What you’ll find at this year’s Greene County Fair (including a tornado-surviving steer)

The oldest continuous county fair west of the Alleghenies is set to begin Monday, and the attractions include a high-wire act, parakeets and a massive steer that survived a tornado.

The Greene County Fair opens at 8 a.m. Monday and runs daily through Saturday. Depending on the weather, up to 60,000 people are expected to participate in the festivities through the week, according to Dan Bullen, fair board director and president of the Ohio Fair Managers Association.

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New attractions this year include the Flying Pages, a high-wire act and motorcycle performance, and Parakeet Encounter, in which attendees enter a cage and can interact with hundreds of parakeets.

In addition to the livestock and other animal competitions, the fair this year will feature racing pigs, a few new food vendors and a Lanco Country Concert with special guest Jordan Davis on Tuesday night.

Bullen said Greene’s fair is different because it’s “a little bit country” and “a little bit urban.”

“If someone comes for the fair food they can see the animals, they can see the free acts that we have … Some people come for the carnival, they bring their kids, they can do it all,” Bullen said. “Fairs, especially southwestern Ohio fairs, are trying to push back. There’s something for everybody.”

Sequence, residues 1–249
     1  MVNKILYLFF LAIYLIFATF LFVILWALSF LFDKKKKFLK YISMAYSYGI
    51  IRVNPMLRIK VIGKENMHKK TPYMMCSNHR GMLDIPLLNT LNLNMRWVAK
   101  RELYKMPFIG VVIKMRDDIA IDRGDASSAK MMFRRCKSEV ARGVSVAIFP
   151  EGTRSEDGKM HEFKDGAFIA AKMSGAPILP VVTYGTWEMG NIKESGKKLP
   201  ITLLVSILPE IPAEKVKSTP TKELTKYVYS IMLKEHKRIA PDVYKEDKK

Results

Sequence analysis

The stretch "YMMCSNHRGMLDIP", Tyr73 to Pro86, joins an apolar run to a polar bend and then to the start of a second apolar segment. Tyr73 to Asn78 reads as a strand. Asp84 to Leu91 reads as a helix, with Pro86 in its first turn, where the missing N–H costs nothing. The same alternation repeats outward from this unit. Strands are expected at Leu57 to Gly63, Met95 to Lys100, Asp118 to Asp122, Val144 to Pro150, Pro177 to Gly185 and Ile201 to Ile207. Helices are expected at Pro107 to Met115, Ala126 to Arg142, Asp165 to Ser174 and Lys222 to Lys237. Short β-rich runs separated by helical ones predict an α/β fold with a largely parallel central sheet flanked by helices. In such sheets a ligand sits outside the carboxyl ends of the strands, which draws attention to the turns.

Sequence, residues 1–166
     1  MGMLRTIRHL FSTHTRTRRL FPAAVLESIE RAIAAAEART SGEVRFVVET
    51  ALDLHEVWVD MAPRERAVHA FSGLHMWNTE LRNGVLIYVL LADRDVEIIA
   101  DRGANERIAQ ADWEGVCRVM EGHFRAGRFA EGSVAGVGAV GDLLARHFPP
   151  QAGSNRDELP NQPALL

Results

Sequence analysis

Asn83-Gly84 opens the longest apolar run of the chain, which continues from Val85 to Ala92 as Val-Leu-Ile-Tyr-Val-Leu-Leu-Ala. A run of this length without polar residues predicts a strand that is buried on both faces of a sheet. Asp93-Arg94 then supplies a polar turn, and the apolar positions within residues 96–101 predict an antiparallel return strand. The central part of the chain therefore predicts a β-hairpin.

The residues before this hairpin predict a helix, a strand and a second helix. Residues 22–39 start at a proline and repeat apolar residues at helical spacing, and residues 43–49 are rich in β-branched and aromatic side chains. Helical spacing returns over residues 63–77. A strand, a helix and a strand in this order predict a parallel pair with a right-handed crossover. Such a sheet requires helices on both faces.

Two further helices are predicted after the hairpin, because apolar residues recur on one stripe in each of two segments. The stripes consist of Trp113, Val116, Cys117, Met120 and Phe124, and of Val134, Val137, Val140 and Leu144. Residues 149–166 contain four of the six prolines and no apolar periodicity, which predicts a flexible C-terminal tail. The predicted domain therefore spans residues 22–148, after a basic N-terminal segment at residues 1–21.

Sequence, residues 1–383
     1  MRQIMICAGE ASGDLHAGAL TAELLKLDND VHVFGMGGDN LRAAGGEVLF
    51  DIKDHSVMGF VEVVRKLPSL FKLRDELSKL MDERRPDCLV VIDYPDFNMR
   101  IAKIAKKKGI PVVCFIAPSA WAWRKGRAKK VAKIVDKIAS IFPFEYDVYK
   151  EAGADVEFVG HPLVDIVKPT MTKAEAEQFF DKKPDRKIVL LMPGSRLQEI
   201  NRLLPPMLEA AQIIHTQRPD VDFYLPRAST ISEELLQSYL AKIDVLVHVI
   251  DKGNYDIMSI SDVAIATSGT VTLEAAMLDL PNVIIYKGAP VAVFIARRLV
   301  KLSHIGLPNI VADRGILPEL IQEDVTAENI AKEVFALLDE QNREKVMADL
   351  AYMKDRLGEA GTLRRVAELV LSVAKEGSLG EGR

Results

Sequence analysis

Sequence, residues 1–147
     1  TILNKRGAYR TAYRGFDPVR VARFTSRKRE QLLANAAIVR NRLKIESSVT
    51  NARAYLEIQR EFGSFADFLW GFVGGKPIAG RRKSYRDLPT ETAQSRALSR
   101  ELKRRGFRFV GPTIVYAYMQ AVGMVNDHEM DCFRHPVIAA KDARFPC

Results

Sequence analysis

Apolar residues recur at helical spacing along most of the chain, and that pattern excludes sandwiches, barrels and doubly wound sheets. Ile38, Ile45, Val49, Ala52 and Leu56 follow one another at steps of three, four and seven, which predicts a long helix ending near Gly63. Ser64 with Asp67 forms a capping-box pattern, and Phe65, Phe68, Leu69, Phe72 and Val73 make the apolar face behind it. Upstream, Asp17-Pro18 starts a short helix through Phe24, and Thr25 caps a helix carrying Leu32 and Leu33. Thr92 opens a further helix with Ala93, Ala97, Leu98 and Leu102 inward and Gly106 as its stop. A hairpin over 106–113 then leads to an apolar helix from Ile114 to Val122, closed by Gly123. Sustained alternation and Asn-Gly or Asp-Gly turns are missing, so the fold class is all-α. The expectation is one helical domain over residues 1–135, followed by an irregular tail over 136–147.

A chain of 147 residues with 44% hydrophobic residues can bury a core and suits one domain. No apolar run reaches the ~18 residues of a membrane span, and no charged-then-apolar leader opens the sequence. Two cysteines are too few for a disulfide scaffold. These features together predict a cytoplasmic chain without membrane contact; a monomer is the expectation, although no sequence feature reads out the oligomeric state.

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Brandon Barr, a 16-year-old Beavercreek High School student, has been showing cattle and pigs at the fair since he was 7 years old. This year, Barr will be showing a massive brown steer named Tonto.

Tonto survived a tornado that ripped through a Beavercreek Twp. farm on Ludlow Road on April 3.

“This was our cattle barn,” Brandon said, pointing at an aerial photo of the damage. “The steer was in the barn which the roof got ripped off … He was a little spooked there for awhile.”

Tonto weighed about 1,000 pounds when the tornado happened in April. Brandon said during the three months since, Tonto has put on 350 more pounds.

“After the tornado, for about two months, he was real skittish. He was very easily startled. He was scared of a lot of small things that he usually wasn’t scared of,” Brandon said.

Brandon’s father, Jeff, a fair board director, said the steer calmed down significantly after his son worked with the him two times a day, walking and washing him and playing the radio around him.

When asked what he thought his chances were this year to win the cattle show, Brandon Barr replied with a smile.

“He’s lookin’ pretty good,” he said.

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Wednesday is Family Night, during which attendees can bring non-perishable food items and get $3 off the $6 gate admission price.

For more details, visit greenecountyfairgrounds.com.

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